Neil Hester

All poems © Neil Hester unless otherwritten

Location: North Carolina, United States

Friday, December 19, 2008

In Love (Features)

Yes, yes, I've been gone for awhile now. Some combination of schoolwork, music, and social time has prevented me, I suppose. Anyhow, I just finished taking my last final, so I'm more or less free, schoolwise. Anthony and Jess have featured poems lately, and they're both excellent, so I suggest that you jump over and read:


Her Kansas by Jessica Schneider


Cheetah Conceived in Circuiting Speed by Anthony Zanetti


Now, to continue the run of features- I've been writing more love poetry than usual as of late, and it helps to read both classical and modern approaches to the subject. Love is undoubtedly the most worn topic of poetry, so it's easy to write badly or boringly about it, since it possesses no originality in itself; you have to take a unique approach. I posted one entry on love poems almost two years ago, where I highlighted a few of my favorites. Here's another:


In Love

The only word is Love. It is what binds
things more securely than the o and v,
which are bereft without the l and e
to give them structure, if not grand design.
Nothing is permanent, as Love proves this
so, as well the uselessness of Beauty,
without Love to engage it. Can you see
the parallel? Love is just what it is,
as well is Beauty, which mouths the full o,
which sounds like a u (the short vowel sound),
to become part of the structure that grounds
only what matters to those, in the know,
  who see what is loosened by loveless minds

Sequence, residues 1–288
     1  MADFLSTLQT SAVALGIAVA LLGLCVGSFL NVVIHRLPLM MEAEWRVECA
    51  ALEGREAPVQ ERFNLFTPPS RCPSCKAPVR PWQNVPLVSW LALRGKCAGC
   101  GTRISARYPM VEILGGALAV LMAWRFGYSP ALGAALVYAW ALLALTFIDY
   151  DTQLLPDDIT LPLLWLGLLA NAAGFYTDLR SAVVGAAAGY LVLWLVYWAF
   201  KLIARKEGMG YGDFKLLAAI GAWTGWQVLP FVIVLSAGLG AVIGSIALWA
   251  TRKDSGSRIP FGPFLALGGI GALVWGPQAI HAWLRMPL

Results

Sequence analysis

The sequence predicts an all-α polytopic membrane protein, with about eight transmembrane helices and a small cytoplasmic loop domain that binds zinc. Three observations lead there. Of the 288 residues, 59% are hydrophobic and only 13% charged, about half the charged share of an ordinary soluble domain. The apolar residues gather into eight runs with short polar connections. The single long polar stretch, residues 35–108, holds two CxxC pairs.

unable to ask: Where did Beauty go?

By Dan Schneider


Did I mention something about unique approaches? First, we get a comparison between the binding power of Love and letters of "love". Then the relationship between Love and Beauty is introduced, but it's not the typical "I love you, (because) you're beautiful" relationship; "Beauty is useless without Love" is far more dramatic and unusual. Structurally, it's interesting how well the observations about the nature of Love and the spelling/phonetics of love tie into each other. Combine that with great music (side note on rhyme: the phrase "Love proves" strikes me as interesting, because "love" and "prove" are often used with each other as end rhymes [after all, there are only so many things you can match with "love"], but in this poem the two words are right next to each other), and you've got a highly atypical and wonderful love sonnet.

In other news, I got into Rice University, but I probably won't be going due to money issues. I'll probably attend a public university for my undergrad, then move to some prestigious location for grad school.

I suppose it's December. I really ought to go Christmas shopping.

Take Care,